Bernie Sanders can't fulfill the debate promise he just made on mass incarceration.

Sanders Is Delusional if He Thinks He Can Keep His Promise on Mass Incarceration

Sanders Is Delusional if He Thinks He Can Keep His Promise on Mass Incarceration

The Slatest
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Feb. 11 2016 11:03 PM

Sanders Is Delusional if He Thinks He Can Keep His Promise on Mass Incarceration

Democratic Debate
Bernie Sanders attends the PBS Democratic debate in Milwaukee on Thursday night.

Darren Hauck/Reuters

After a number of Democratic debates in which criminal justice got barely any air time, Bernie Sanders and Hillary Clinton spent several minutes agreeing with each other Thursday night about holding police officers accountable for criminal misconduct, getting rid of racial disparities in sentencing, and bringing down the prison population.

Leon Neyfakh Leon Neyfakh

Leon Neyfakh is a Slate staff writer.

On this last point, Sanders trotted out an absurd promise he has used several times before: that by the end of his first term, the United States will no longer be the world leader in incarceration.

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What Sanders means by this is that under just four years of his magical leadership, the U.S. will bring down its jail and prison population by about 600,000 people. Where does that figure come from? Consider that the No. 2 spot on the list of countries with the most prisoners in the world right now is China, and it has about 1.66 million people behind bars. The U.S., by comparison, has about 2.3 million

Sanders did not mention during his remarks how he plans to make the leap from 2.3 million to fewer than 1.66 million. But regardless of what he has in mind, it’s pure fantasy for several reasons. Chief among them is that the president of the United States has no direct control over most of the nation’s correctional facilities. This is because jails, which currently hold fewer than 745,000 people, are under local control, and state prisons, which hold about 1.35 million, are under state control. That leaves the federal prison system—the only one that the federal government is actually in charge of—with 210,000 people, or about 10 percent of the pie.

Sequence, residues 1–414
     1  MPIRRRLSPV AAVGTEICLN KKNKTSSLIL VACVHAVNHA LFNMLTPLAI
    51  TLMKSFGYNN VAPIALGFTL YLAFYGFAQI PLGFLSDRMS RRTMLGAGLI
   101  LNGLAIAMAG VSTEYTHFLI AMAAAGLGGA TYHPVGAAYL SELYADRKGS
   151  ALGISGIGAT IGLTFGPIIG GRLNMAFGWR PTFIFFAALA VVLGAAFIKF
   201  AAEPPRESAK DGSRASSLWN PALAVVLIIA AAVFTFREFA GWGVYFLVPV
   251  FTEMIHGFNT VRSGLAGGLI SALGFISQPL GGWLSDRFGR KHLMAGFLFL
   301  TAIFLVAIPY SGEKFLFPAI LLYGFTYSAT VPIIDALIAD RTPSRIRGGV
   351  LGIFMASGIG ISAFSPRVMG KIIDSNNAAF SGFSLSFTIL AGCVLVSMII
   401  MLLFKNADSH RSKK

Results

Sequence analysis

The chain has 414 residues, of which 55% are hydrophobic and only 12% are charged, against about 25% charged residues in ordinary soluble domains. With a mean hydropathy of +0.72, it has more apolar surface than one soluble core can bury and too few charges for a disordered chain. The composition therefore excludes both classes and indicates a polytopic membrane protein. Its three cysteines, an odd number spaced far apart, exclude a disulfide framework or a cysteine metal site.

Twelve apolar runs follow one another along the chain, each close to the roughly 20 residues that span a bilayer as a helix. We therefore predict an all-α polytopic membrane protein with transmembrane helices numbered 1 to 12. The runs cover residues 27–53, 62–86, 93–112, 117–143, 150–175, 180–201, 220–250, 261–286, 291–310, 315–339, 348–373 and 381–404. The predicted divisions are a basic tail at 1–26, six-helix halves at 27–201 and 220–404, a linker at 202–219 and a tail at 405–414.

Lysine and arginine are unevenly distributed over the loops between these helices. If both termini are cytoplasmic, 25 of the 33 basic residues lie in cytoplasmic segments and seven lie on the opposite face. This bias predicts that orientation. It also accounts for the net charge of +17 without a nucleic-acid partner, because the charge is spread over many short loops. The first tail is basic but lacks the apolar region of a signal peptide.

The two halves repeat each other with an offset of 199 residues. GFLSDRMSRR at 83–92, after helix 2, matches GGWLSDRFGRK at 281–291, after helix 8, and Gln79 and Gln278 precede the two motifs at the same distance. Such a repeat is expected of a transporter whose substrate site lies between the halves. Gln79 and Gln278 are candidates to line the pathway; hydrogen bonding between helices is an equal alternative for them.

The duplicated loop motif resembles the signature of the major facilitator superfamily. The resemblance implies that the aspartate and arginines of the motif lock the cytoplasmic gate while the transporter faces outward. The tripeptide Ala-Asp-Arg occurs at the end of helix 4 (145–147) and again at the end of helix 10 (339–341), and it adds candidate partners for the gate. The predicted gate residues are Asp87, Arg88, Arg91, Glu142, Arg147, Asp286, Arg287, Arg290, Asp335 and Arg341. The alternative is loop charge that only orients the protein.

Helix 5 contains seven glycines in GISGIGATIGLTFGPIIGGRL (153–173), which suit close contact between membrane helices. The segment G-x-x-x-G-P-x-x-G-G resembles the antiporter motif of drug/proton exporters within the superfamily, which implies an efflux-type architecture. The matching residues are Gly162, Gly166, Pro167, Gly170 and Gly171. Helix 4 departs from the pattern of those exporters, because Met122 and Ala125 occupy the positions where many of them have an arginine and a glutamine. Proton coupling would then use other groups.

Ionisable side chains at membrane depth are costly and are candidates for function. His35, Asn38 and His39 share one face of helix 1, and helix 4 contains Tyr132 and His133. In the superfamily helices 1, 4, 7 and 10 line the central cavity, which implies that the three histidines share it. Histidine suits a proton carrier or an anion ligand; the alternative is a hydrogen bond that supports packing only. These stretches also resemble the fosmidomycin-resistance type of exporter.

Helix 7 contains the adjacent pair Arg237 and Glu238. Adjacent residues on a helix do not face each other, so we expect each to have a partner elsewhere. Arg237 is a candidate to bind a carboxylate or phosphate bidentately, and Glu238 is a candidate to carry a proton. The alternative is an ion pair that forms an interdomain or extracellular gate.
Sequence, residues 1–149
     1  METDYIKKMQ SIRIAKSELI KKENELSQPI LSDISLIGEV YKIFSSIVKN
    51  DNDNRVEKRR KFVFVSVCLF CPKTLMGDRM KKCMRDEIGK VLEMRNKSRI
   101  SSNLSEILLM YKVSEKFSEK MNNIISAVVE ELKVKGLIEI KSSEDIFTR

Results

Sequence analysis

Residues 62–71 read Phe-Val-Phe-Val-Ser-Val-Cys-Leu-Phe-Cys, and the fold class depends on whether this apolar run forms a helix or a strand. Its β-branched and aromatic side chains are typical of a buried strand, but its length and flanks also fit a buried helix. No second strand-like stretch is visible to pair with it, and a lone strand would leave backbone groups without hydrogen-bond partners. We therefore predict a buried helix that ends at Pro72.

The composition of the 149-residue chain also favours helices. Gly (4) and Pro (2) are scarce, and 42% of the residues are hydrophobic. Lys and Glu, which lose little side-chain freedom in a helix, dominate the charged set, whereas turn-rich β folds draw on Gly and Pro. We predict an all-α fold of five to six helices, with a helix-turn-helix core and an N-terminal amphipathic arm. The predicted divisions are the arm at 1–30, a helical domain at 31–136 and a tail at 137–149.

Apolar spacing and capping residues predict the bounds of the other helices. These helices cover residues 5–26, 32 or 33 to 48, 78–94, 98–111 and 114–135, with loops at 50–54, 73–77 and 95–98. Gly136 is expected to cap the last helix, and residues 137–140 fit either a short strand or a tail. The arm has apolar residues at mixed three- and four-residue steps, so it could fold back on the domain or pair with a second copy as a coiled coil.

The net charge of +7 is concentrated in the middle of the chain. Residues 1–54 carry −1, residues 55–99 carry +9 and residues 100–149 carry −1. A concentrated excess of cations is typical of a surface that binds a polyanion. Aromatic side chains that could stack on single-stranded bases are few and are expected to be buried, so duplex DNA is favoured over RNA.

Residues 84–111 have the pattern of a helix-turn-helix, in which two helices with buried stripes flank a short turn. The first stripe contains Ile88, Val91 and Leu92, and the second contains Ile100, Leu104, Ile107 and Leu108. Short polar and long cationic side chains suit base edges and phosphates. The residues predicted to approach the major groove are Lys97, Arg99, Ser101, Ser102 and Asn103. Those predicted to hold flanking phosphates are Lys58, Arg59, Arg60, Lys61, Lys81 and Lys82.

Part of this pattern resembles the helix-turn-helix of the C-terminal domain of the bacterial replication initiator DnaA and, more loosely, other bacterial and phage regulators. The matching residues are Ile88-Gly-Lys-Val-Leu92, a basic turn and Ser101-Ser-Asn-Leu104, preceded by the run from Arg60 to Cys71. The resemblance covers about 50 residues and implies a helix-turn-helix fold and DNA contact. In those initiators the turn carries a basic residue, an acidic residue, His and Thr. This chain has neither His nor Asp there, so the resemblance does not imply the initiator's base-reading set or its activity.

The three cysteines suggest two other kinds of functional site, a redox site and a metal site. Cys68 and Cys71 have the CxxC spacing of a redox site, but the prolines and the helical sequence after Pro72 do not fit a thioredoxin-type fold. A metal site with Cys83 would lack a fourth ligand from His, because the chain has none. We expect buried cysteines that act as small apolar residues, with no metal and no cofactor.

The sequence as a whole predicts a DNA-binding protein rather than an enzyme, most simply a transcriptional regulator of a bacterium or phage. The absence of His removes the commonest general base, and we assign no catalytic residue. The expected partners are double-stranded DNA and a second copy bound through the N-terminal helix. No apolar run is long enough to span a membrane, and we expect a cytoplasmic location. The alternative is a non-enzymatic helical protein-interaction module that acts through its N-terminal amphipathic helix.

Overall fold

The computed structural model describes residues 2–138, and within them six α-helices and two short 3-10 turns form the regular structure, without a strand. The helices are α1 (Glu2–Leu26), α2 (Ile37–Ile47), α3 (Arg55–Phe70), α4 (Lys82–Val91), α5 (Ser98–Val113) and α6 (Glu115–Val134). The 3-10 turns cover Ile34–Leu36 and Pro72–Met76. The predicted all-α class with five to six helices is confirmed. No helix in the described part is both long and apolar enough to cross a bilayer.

It’s true that the president has a “bully pulpit” from which he can say inspiring things that set the tone for officials working at all levels of government. It’s also true that in theory, the federal government could try to bribe state governments to rely less on incarceration. But the bottom line is that the feds can only set policy for their own prison system and that means there’s a very low ceiling on the amount of progress that a president, no matter how ambitious he or she is, can do to reduce the prison population. The truth of the matter is that even if Sanders were to free every single person currently sitting in a federal prison, the U.S. would still be ahead of China in the incarceration Olympics by more than 400,000 people.   

This would be a good time to remember, also, that Congress’ current efforts to bring down the prison population by enacting very modest sentencing reforms appear to be falling apart in slow motion because there are enough lawmakers in Washington who think it’s too dangerous to set anyone free, ever. And this is at a time when there’s supposed to be a historic bipartisan consensus over the need for reform.

If Sanders wants to release more than 500,000 people by 2020, he’s going to have to break them out personally. If he has a more efficient approach in mind, he needs to share it before he makes this ridiculous promise again.